Engaging in prostitution is against the law in los, and in the Phillipines which I think you've said you visit.

Do you obey it?

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47 minutes ago, Quietguy said:

Engaging in prostitution is against the law in los. Do you obey it?

So WTF has that got to do bonking an LB in Thailand? Nowt!. Its not a muslim country. 

Altering your ID (a government document). Even in some if not all countries in the EU you would be fucked for that. France is very strict with ID's for example.

Attending a muslim festival dressed as a woman breaching Sharia law?

Clutching at straws aren't we!

Yes your avatar suits you, a little reptile who changes his colours when the need arises.

 

 

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1 hour ago, blind boy grunt said:

is there any need for that comment? QG is a good guy

Yes

She did what she did in Malaysia and dragging illicit liasons conducted in Thailand is not relevant or pertinent to the discussion.

Good guy? Yes in your eyes and obviously you know him well.

As for me, the jury is still out and neither will I be wearing a black cap.

 

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Having visited Maysia a few years ago (November 2014 to be exact)  I tried to find out about laws in the country. I prefer to tell that no one knows about Malaysian laws unless he is a lawyer in Kuala Lumpur. I believed that drinking alcohol was prohibited but I found country fellows I had met during the flight to KL drinking alcohol in a whisky bar. 

A large majority of people are muslims, 25 % of Chinese descent, 10 % of Indian descent and still a few people of British descent. Muslim laws must be respected by Muslim people but not all the times by non Muslim people. This is why the status of ladyboys is really ambiguous. I won't explore details that I ignore but roughly, non muslim malaysian will be less disturbed by prosecutions than Muslim Malaysians. While Muslim ladyboys  are persecuted, Thai and Pinoy ladyboys are accepted with tourists visas and practice "escorting" discreetly in the main cities.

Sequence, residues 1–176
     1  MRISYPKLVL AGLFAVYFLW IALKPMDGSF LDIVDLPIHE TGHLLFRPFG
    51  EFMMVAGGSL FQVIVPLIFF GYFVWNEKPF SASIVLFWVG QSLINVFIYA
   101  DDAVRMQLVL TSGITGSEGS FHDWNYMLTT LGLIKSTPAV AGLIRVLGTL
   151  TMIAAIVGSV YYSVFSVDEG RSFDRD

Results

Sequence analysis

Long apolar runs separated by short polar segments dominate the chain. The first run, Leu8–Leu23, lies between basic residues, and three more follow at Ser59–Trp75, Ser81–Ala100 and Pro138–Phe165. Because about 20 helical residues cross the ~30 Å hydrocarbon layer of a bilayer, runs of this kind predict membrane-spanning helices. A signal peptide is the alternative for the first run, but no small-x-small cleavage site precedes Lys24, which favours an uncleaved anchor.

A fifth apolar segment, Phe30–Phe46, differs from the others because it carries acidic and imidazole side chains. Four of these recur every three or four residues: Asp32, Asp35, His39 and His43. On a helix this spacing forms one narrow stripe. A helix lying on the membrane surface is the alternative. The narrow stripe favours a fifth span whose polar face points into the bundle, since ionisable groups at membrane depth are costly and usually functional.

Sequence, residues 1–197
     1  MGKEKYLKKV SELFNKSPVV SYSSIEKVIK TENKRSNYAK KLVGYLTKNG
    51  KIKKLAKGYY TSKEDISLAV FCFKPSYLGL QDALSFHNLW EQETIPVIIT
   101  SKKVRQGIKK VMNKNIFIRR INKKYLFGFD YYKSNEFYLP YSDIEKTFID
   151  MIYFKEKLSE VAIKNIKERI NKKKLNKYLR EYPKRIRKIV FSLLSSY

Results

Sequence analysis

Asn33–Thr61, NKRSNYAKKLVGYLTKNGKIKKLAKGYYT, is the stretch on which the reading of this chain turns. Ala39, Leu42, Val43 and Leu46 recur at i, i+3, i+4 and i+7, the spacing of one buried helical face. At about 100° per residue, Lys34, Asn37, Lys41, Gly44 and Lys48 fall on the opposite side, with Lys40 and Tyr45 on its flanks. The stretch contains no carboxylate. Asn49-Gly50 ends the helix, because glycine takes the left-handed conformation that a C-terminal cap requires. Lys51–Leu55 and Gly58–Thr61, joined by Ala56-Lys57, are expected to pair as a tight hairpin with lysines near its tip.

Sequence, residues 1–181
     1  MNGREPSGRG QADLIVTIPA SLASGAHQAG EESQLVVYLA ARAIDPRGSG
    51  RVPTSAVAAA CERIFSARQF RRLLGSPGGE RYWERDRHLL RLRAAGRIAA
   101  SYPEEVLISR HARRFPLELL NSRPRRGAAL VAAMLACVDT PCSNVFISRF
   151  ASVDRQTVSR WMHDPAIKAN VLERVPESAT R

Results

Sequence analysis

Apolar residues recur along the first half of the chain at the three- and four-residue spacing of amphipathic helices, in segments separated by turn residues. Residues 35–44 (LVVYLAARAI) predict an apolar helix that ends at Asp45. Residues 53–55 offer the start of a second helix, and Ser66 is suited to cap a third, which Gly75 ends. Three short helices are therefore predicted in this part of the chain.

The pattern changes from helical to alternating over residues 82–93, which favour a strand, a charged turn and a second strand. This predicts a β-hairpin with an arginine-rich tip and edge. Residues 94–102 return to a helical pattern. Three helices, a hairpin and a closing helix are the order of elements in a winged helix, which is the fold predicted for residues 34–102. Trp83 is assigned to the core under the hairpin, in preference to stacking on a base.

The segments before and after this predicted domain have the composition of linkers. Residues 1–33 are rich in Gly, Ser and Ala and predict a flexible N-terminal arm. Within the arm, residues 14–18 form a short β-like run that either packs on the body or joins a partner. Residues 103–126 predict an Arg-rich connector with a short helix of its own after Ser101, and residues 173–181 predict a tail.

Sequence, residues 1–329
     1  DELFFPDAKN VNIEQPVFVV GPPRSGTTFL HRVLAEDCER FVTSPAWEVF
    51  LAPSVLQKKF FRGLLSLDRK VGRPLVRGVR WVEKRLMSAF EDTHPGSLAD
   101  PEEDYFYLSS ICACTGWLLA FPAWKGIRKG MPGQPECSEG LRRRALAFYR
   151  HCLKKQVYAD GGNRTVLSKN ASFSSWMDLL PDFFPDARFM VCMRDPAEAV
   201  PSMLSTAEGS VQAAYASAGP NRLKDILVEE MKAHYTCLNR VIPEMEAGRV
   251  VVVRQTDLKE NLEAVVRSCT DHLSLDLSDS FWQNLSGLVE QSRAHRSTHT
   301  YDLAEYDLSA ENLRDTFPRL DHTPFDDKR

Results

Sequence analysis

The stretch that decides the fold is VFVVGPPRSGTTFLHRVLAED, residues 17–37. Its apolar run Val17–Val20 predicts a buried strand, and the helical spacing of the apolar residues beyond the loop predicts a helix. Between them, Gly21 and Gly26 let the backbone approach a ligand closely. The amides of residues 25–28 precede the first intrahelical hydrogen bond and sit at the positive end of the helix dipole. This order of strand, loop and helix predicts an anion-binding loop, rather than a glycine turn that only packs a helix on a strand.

Another aspect is the way law is enforced. More than many other countries, laws are enforced if authorities are interested  in enforcing laws. So non muslims may drink alcohol but I was told of a British tourist getting drunk then insulting Malaysian people as British do in Thailand (since they seem to believe that being drunk is an excuse to disrespect others). Malaysian guys beat him up and the British guy went to the police to file a complaint. The Malaysian police disregarded him since he had told Malaysian muslims to fuck off first. 

Just my 2 cents : this ladyboy is being prosecuted since she became a small celebrity ans was seen wearing female wears. Muslims can't accept it. Moreover, she is making business and seems to make money. 
If I remember well, I had posted in my TR that the master word in Malaysia is discretion. 

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6 hours ago, Fenton said:

The law is the law.

  So which is it? A law in Thailand isn't to break just because it isn't a muslim country. Do you break laws in Thailand?

4 hours ago, Quietguy said:

Engaging in prostitution is against the law in los, and in the Phillipines which I think you've said you visit.

Do you obey it?

 

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1 hour ago, seven said:

  So which is it? A law in Thailand isn't to break just because it isn't a muslim country. Do you break laws in Thailand?

 

Its Malaysia, which is the whole point of the thread and I have not broken the Law in said country, she has (twice!)

 

 

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8 hours ago, Fenton said:

Its Malaysia, which is the whole point of the thread and I have not broken the Law in said country, she has (twice!)

 

 

I would think the point of the thread is should/will Thailand extradite her.

A couple years ago there was another interesting extradition case not having to do with transgenders.  She was not forced to go back to Saudi Arabia or Kuwait. 

A Saudi woman says she was fleeing her abusive family and has been stopped in Thailand. Noel King talks Phil Robertson, who is deputy Asia director for Human Rights Watch.  Transcript below:

NOEL KING, HOST: